Solifluction is a collective name for gradual mass wasting slope processes related to freeze-thaw activity. Solifluction lobes and sheets are types of slope failure and landforms. Mass movement of soil affected by alternate freezing and thawing. Characte
Gerald Corsi / Getty Images

Solifluction is an umbrella term for several processes in which an upper layer of the ground moves over frozen ground below it. The permafrost acts like a hard, impermeable surface, so when the soil or sand above it is saturated with liquid, it slowly slides down a slope, pulled by gravity. There are a few different types of solifluction, and there's evidence to suggest the process may even been seen on Mars.


The Brooks Range and cloudy sky's reflected in a thermokarst in Alaska's Arctic National Wildlife Refuge.
Shelley Wales / Getty Images

Karst usually refers to a limestone or process containing that rock, but in this case limestone isn't involved — it just looks like a similar process that's seen in limestones. Thermokarsts are formed by frost heaves, which push up small domes of the active layer that lies above permafrost. The domes collapse when warming occurs, leaving behind a concave pucker. From these formations, pingos can develop. In some cases, very large thermokarsts can develop, and when they fill with water, they can become small ponds or even lakes.

Is the Permafrost Melting?

Currently, permafrost covers some huge areas of land (in the Northern Hemisphere, it's estimated at 9 million square miles, the size of the U.S., Canada, and China combined), but it's shrinking.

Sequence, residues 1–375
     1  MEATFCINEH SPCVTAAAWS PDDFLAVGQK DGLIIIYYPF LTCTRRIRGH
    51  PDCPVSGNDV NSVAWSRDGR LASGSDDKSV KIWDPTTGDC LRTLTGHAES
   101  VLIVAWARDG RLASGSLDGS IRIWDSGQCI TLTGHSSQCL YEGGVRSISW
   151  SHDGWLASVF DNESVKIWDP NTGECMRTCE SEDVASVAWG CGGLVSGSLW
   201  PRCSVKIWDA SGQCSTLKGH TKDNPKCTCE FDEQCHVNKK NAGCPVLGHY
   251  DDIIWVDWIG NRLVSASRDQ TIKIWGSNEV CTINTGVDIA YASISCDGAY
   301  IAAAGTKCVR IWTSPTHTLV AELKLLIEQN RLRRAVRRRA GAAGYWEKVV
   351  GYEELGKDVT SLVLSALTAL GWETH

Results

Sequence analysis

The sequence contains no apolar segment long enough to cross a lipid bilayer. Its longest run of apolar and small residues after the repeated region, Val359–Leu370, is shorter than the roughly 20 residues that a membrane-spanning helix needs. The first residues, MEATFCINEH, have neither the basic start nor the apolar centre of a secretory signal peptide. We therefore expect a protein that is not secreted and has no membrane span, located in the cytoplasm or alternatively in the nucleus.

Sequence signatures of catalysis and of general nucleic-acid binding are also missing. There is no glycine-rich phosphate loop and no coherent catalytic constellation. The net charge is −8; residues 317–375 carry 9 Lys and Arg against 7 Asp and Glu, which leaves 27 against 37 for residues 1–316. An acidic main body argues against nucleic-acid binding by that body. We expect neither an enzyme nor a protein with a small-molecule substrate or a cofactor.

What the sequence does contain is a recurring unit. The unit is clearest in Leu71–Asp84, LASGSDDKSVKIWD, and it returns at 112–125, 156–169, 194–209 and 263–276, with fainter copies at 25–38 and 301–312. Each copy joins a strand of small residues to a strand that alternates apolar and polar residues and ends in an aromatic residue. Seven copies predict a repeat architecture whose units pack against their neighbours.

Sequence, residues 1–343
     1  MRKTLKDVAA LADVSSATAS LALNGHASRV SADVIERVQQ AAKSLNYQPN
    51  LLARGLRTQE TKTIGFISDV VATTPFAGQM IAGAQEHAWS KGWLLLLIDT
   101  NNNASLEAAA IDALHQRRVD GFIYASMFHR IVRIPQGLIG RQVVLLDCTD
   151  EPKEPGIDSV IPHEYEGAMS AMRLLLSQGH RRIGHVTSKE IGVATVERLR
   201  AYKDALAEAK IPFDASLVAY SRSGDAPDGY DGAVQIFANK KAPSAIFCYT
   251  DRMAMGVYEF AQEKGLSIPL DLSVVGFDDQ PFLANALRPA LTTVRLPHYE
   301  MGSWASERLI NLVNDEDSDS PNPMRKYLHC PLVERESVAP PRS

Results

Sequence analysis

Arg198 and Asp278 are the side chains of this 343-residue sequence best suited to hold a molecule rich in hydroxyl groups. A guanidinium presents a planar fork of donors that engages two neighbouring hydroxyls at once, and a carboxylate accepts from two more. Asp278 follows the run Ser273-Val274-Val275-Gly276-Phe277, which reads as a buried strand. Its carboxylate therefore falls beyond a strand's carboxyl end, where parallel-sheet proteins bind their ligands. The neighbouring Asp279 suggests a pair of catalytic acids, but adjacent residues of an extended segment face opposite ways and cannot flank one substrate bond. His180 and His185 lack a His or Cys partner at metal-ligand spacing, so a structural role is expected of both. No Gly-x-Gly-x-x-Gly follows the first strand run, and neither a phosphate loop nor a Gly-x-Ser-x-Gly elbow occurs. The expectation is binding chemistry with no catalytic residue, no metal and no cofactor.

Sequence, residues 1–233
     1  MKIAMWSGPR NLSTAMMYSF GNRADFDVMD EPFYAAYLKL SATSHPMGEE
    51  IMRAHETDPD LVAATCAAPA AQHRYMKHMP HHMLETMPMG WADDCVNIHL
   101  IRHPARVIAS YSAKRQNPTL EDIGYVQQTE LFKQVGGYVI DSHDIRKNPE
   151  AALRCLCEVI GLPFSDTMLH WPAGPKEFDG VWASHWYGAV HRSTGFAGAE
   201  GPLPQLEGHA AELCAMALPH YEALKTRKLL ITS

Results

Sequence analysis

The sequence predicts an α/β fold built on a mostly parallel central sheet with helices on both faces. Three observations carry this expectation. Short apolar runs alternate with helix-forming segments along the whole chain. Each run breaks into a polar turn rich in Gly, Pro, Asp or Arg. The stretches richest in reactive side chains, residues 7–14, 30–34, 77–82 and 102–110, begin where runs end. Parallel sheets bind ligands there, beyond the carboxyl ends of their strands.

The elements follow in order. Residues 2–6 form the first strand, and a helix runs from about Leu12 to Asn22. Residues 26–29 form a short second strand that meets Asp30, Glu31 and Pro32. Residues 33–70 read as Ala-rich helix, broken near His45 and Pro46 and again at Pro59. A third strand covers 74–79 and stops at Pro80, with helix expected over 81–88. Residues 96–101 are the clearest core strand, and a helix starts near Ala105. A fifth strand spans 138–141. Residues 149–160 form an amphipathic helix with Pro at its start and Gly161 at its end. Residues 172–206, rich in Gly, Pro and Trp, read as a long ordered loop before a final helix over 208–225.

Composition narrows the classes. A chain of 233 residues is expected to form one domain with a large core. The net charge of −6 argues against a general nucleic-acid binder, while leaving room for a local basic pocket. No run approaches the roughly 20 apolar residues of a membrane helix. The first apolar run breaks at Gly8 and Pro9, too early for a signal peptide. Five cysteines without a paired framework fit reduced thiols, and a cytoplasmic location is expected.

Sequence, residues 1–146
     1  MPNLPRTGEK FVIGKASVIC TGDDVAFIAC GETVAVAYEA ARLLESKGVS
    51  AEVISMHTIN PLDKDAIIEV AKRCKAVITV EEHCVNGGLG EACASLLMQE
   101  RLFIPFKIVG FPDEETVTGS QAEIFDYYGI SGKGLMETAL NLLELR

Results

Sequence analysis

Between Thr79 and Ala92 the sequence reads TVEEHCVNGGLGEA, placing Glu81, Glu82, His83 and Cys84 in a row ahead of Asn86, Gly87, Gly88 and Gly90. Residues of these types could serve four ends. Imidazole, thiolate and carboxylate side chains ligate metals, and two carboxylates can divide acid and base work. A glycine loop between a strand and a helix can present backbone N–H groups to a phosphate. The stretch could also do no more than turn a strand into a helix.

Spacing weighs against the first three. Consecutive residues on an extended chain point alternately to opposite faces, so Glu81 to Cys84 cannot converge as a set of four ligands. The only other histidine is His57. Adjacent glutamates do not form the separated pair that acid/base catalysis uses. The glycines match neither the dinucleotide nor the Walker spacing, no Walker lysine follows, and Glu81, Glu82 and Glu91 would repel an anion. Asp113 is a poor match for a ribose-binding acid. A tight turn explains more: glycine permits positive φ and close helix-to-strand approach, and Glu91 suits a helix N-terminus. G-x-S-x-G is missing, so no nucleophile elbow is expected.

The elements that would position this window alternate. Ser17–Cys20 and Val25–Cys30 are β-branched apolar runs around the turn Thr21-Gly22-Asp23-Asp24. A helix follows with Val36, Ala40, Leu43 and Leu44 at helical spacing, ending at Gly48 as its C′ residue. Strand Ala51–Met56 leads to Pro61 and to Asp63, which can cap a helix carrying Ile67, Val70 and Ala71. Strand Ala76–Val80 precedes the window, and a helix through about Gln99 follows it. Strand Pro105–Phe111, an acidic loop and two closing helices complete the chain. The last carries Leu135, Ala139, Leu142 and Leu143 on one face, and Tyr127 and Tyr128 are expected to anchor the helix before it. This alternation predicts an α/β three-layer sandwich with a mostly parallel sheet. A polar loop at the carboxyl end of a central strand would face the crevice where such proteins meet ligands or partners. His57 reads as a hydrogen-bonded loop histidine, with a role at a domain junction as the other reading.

Because the Arctic is warming about twice as fast as more temperate areas and permafrost is sensitive to even small changes in temperature, permafrost is melting more rapidly than was expected, surprising scientists. One widely cited study in the journal Nature Climate Change estimates that if the Earth warms to 2 °C above pre-industrial levels (the track we are currently on), permafrost will be reduced by 40%.

Permafrost and the Climate Crisis

How permafrost negatively impacts ecosystems illustration with elk

Treehugger / Ellen Lindner

Melting permafrost has quite a few effects. First, as it melts, it releases greenhouse gases, especially methane, into the atmosphere. That creates a feedback loop — as more permafrost melts, more warming gases make their way into the atmosphere, and the climate heats up more. Second, melting permafrost has local effects, including destabilizing buildings and transportation systems, and possible destructive flooding or landslide/mudslide events.

In addition to the ecological and economic consequences, communities that live on permafrost have begun to lose buildings, and in some places, entire towns may have to be relocated. In Alaska, Greenland, Canada, and Russia, melting permafrost has led to collapsed or sinking houses and buildings. In Vorkuta, Russia, the structural integrity of 40% of its buildings is compromised, and in Norilsk, a city of 175,000 people, 60% of its buildings are damaged from permafrost thaw and 10% of the city's houses have already been abandoned.

It's also difficult to rebuild due to the shifting subsurface conditions. In many of these places, housing is already scarce, and the majority of those affected are indigenous people whose communities have lived in these areas for thousands of years.

Two abandoned buildings collaping
Two abandoned buildings collapsing together due to changes in permafrost underground. BrianScantlebury / Getty Images